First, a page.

In Cincinnati, we have two Major League professional teams (Bengals & Reds). Those clubs have been entrenched in our community for decades and became the default teams for a most of the local community. In 2016 things changed on that front. FC Cincinnati came on to the scene and captured a large number of fans imagination and quickly became a team that was “Our Team”.
The supporters ownership has made FCC the team that the city can stand behind, but FCC is not alone in this movement. Numerous soccer teams around the country are being embraced by their community and it is really changing the way sports teams and communities interact with one another. It is this public ownership that makes soccer supporters different, but supporting your team in person can be difficult when your team is playing on the road hundreds of miles away from home. Travel time is one of the biggest hurdles for supports to overcome for away games.
This is where FC Cincinnati can help bring something to a league that has always had a limited number of “true” rivalries. Rivalries are usually developed due to proximity, and this where FC Cincinnati can fill a void in the Midwest and demonstrate the value of having a close neighbor (Columbus). I know there is a situation going on with “That Team Up North”, Crew SC, but for the moment, a “Hell is Real” derby would show MLS that New York and Los Angles areas are not the only regions capable of supporting multiple MLS teams in close proximity and adding spice to a sport that is just starting to find its footing in America.
The “Hell is Real” derby already showed its viability during this past year’s Open Cup when more than 30,000 fans showed up for the game at Nippert Stadium to watch the Ohio clubs. The environment was electric and it was not only home supporters that generated the buzz, but the 1000+ Crew SC supporters that traveled down I-71 to support their team. The Crew SC fans formed a slice of black and gold in a stadium that was drenched in Orange and Blue. The Crew support only amplified the atmosphere and if this derby is allowed to continue, FCC supporters would reciprocate when traveling to Columbus. The “Hell is Real” derby could become one the more intense rivalries in all of MLS.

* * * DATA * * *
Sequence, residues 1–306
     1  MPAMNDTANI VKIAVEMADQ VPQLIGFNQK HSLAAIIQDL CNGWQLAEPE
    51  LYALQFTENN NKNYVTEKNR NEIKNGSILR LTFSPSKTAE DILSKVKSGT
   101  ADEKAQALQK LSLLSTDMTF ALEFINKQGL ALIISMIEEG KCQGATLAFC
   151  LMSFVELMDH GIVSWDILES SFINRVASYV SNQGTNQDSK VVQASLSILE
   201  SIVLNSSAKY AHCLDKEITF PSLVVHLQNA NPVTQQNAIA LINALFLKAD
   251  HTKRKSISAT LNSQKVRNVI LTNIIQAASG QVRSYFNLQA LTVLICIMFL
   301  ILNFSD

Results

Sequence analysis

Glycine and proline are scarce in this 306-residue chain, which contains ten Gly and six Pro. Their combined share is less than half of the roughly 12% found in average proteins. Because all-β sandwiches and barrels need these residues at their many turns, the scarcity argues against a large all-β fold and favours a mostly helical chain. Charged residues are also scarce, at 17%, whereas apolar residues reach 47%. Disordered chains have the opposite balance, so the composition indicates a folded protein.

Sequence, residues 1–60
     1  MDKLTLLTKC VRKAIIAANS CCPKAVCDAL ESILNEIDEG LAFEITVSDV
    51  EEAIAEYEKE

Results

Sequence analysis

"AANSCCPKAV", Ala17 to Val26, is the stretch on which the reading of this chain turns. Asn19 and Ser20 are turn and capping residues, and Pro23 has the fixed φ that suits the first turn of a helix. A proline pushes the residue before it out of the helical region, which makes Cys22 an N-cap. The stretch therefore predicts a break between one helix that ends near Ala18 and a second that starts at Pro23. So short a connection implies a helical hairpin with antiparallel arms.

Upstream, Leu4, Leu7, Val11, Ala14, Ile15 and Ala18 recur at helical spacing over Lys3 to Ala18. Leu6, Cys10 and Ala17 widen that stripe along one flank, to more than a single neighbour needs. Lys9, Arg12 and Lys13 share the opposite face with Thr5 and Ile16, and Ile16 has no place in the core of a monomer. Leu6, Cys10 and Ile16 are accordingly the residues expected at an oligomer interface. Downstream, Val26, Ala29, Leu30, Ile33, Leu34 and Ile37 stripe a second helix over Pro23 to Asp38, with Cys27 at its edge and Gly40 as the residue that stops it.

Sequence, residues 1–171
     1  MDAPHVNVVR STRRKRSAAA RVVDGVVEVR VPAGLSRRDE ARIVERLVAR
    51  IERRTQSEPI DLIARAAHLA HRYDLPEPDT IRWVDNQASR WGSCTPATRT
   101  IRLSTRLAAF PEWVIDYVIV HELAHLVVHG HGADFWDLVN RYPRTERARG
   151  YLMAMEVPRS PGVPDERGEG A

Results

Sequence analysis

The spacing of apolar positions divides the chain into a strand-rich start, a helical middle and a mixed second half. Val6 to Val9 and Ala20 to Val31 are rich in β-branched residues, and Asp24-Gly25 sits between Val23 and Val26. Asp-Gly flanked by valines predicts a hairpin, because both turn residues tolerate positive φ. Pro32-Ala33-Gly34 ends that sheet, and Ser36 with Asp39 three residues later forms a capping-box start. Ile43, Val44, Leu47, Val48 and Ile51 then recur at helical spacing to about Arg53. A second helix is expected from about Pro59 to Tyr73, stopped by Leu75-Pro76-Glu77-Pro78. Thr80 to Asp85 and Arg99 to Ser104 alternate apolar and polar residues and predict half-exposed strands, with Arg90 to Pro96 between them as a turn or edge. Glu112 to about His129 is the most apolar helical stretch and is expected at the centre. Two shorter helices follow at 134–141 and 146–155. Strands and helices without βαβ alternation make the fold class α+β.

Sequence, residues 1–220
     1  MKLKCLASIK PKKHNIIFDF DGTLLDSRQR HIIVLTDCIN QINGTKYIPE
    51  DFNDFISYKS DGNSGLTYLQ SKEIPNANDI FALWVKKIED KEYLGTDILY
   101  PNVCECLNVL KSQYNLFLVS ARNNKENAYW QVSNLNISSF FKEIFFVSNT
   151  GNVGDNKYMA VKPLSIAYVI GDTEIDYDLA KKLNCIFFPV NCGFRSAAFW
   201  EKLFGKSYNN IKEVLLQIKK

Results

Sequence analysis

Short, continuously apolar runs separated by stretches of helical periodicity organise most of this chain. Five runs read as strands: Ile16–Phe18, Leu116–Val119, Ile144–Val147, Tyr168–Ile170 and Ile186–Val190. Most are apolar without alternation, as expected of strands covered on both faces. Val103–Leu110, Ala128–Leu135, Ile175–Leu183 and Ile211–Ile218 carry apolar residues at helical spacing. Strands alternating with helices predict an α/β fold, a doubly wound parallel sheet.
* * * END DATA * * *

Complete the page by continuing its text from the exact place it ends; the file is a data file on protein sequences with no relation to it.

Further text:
Look at the impact of the Cascadia Cup, a three-way contest between the Seattle Sounders, Portland Timbers, and the Vancouver Whitecaps. Many say that Major League Soccer was on the verge of collapse until these three showed the atmosphere and passion many clubs hope to obtain. Their close proximity creates tension, envy, and breeds a love/hate relationship that grows the game.
In the likelihood that the Crew SC no longer resides in Columbus in their current capacity, then FC Cincinnati still create rivalries in our region. The distance between Portland and Vancouver is almost 5.5 hours. Cincinnati’s proximity to other MLS franchises could allow for another “Cascadia” with Chicago and expansion candidate Nashville under 5 hours away. Meanwhile, Atlanta (7), Washington D.C. (8), Kansas City (8) and Toronto (8) are within driving distance.
Below is a list of cities and the hours from Cincinnati that either supports a D1/2 team or could support a D1/2 team if grown.
[table id=CincyRival /]
Rivalries are one of the best ways MLS can grow their product until those other dreaded words can become feasible (pro/rel – not going to go there). With the current soccer landscape in America, the Midwest provides MLS a playground of opportunities to have close rivals and grow the game in this manner instead of the old Media Market Size methodology. With 14 major cities capable of supporting a Division 1 soccer team within 8 hours of Cincinnati, it makes Cincinnati a prime candidate for expansion. A few of the other cities could make the same claim but how many have the proven support that FC Cincinnati has, not only in the stands but with corporate support and within the community as well.
Now is the time for Major League Soccer to pick Cincinnati for one of its spots and watch the game grow in a whole new way.